I also knew that the easiest way to get followers was to ramdomly follow 10,000 people in the hopes that 1,000 follow you back. I've never been like that on MySpace or Facebook, so I certainly wasn't going to do that on Twitter. I much prefer to pursue an organic growth of followers and, at the time of writing this, I am following 117 people and have 114 followers. Of those followers I assume a certain percentage of spammers and dead profiles. I'm thinking that somewhere around the 100 mark is the stage one critical mass it took for me to find a balance between being just updates from Twitterati and more meaningful content from people that I have formed some sort of relationship with, even if it's just online. I suppose I could have reached higher numbers quicker, but I don't know that I would have cared about what anyone was saying at that point and, as such, may have lost interest altogether.
In addition to reaching this first step of discovering the benefits and relative potential of Twitter in capture my interest in more than an obligatory refresh or two every hour to see how many dozen tweets Scoble had up, the evolution of the API and its associated tools became what truly galvanized this new experience. I found Tweetdeck and, in doing so, gained a whole new appreciation from Twitter by simply being able to visualize the workings and the interactions. I started up search columns devoted to specific hastags and events. I was starting to add followers based on shared interests or, at the very least, evidence of an ability to contribute to something I cared about instead of randomly throwing darts at a print out of the fail whale.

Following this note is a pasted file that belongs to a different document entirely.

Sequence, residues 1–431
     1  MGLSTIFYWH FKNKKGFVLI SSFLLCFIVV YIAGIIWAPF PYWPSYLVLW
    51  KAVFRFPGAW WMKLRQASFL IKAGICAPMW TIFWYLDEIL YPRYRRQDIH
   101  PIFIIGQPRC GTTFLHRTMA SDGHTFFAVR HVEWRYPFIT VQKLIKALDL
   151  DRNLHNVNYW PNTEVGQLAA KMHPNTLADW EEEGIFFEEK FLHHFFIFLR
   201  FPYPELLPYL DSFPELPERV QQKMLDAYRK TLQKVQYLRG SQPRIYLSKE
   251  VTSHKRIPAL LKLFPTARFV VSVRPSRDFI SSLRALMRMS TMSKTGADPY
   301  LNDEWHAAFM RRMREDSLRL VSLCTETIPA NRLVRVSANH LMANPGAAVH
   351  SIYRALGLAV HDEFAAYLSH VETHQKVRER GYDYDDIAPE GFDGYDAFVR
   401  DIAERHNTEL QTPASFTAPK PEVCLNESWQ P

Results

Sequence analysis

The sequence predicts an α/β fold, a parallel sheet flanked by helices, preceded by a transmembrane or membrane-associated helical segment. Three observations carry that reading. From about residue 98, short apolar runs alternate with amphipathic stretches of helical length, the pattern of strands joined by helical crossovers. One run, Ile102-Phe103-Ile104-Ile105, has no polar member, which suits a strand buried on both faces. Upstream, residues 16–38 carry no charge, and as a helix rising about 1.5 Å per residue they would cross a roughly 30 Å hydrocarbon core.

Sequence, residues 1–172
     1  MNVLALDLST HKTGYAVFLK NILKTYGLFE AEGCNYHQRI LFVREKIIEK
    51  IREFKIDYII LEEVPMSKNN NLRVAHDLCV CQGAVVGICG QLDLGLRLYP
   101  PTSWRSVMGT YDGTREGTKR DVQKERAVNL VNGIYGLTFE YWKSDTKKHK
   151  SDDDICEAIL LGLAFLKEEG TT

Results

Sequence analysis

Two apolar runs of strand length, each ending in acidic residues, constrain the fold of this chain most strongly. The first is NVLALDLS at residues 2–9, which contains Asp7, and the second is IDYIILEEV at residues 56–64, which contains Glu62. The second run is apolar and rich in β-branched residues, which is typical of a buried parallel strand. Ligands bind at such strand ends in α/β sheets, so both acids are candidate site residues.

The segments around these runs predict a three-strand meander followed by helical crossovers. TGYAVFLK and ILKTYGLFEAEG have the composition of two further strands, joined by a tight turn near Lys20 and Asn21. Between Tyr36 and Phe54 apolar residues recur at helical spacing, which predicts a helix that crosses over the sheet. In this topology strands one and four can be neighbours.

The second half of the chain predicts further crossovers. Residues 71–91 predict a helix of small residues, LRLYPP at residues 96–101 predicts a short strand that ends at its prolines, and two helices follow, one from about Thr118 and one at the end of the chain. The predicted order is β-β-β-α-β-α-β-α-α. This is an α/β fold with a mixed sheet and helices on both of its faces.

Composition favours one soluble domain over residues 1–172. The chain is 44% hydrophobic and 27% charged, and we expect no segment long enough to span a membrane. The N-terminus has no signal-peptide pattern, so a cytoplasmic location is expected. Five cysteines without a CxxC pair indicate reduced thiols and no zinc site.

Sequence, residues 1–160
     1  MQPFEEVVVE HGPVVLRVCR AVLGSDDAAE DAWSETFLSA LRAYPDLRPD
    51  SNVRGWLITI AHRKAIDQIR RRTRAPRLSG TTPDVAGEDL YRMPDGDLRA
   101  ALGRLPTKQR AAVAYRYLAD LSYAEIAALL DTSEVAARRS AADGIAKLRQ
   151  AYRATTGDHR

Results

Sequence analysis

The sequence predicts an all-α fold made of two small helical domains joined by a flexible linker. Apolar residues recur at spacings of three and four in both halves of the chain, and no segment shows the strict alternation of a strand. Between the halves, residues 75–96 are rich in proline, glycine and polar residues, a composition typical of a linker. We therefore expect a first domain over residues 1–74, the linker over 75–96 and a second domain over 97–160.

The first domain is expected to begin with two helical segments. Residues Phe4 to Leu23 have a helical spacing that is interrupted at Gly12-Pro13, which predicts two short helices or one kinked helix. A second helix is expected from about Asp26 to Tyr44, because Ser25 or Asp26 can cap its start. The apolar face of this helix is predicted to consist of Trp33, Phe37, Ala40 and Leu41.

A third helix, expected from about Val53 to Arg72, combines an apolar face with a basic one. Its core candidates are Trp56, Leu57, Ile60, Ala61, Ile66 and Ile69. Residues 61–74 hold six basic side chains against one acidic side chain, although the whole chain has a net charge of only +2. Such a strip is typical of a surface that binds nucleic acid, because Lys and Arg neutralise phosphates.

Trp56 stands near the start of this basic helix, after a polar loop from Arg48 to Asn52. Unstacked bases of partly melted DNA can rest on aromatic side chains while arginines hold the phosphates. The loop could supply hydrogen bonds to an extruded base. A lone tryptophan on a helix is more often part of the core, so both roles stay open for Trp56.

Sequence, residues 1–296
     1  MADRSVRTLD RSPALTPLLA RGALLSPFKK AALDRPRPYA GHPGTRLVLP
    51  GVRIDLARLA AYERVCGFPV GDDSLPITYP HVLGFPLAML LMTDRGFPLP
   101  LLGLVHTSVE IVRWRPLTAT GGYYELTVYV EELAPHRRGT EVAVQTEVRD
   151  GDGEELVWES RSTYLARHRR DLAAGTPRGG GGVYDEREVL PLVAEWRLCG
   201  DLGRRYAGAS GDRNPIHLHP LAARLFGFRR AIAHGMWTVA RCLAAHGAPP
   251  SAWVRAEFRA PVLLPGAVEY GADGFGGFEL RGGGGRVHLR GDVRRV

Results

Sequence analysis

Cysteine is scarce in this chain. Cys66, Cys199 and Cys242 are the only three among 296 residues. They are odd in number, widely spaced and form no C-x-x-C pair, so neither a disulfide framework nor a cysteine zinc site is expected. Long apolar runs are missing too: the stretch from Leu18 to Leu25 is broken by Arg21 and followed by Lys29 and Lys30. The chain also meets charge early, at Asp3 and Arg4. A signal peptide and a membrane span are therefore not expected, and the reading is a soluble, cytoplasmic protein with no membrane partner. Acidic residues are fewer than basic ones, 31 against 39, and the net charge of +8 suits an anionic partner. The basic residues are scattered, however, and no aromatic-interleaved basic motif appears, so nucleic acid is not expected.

And in learning this first step where I'm getting more out of Twitter than I thought possible, perhaps the most important thing I've learned about this, and other microblogging platforms, is that the API rules the roost. The explosive evolution of snippet commentary has all of its value in aggregation, and in aggregation the value is in the content, and in its content the value is in the users. I know enough to know that a thousand or ten thousand random follows on Twitter will not get me any of the value that 100 thoughtfully chosen contacts will.
Be it Twitter, Facebook, MySpace, Plurk, or any social network, you and your content are indistinguishable. Just as when you are not in the room, all that remains is the story of you, social networks are ALL story. The stories are told through podcasts, blog posts, references, subreferences, suggestions, advice, maxims, insights, and links. The snippets are you. How many close friends do you have in real life? How many regular friends? The interaction with one friend over one drink on one night of the week will give you more content and sources for relevant aggregation than a thousand random snippets.
I think I've started to "get" Twitter, but, even better, my hope is that I haven't even started to "really get it".